The Secret of Life
…is enjoying the passing of time. According to the James Taylor song “the secret of life is enjoying the passing of time. Any fool can do it. There’s really nothing to it… “ I’m not so sure about the second part but I’m nearly completely convinced of the first.
A strange thing just happened. I went to the kitchen to see if there was anything to drink. Happily, I discovered a 3/4 full bottle of Ketel One and some flat seltzer. I can make due without the lemon I guess.
As I poured the drink I looked up and on my ribbon board I noticed the photo of Chloe and Eliza playing in a sandbox shaped like a turtle that was in the back yard of the Bay Ridge house. Chloe and Eliza are six months apart and in the photo they appear to be around two years old. I couldn’t help but pull it down and look at it for a long time. I fought back a tear as I looked at it. Here are the two girls that I spent the last week with now ten years later. How is it possible?
This week’s issue for my sister Paula, the one that we would come back to over and over when we had a minute or two to actually talk is that Alex is leaving for school on Sunday. She would be going off to college but elected to go to a boarding prep school in Pennsylvania for an additional year to better prepare for her art education. The point being of course is what my dad said to me when he dropped me, his youngest, off at college “it’s the end of an era”.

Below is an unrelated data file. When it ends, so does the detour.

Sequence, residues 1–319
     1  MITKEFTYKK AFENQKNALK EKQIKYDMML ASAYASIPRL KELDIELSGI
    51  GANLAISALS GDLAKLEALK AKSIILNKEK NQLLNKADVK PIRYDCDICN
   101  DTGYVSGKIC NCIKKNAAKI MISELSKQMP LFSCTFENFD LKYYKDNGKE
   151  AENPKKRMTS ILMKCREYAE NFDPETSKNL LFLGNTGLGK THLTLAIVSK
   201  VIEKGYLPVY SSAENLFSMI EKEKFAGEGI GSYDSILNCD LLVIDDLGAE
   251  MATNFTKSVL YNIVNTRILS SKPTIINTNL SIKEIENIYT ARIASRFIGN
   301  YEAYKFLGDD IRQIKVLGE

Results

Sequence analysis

As we pulled out of the driveway to head to the airport this morning, I was waving goodbye to Alex and it occurred to me that this was it. This was the last trip where I’d be guaranteed to find Alex at the Jorn house.
Alex is the lover of the Jorn kids. She was the one that always had a hug for you and always made sure to play with the kids all the time. She’d invent games and make everything more fun for everyone, especially Chloe. Paula put it this way “Alex is my heart”. Chesney left last year and now Alex will increase the empty space and deafening quiet befalling the house with the quiet view of the Navasink and the Atlantic beyond.
While I was in Rumson I made a point of driving past the old Wilson Circle property. A new owner has added a huge addition, a pool and a pool house along with a security fence. I thought of the time that I climbed up a ladder inside a gutted construction site to see my first view from the widow’s walk, the same widow’s walk that year after year we would lay upon on cooling September nights to watch the stars shower. Seems like yesterday. Paula’s new house, humble by comparison, is just two blocks away.
As we drove to the airport this afternoon I was thinking of the time when I dropped Paula at the airport in Milwaukee when she moved from Chicago to Rumson in 1992. It’s one of the very, very few times I cried because I had to say goodbye to someone. I handed her a card at the airport that had Dorothy of Oz on the front. On the inside I wrote “As Dorothy said to the Scarecrow – I think I’ll miss you most of all.”
Everywhere I turned today I met with the concept that we have a lease on these people we love and it’s a short one. I had my hand outside the window of Paula’s car this morning on the way back from Red Bank where we had snuck off to have coffee and have a few moments to actually talk. I couldn’t help but notice the hint of autumn in the air. And I thought of that quote on the front of the “1000 places to see before you die” book – “life is not about the number of breaths we take but the number of moments that take our breath away” and I was overwhelmed by the appreciation for this last week and at once newly determined to appreciate every moment I’ve been gifted with these people I love.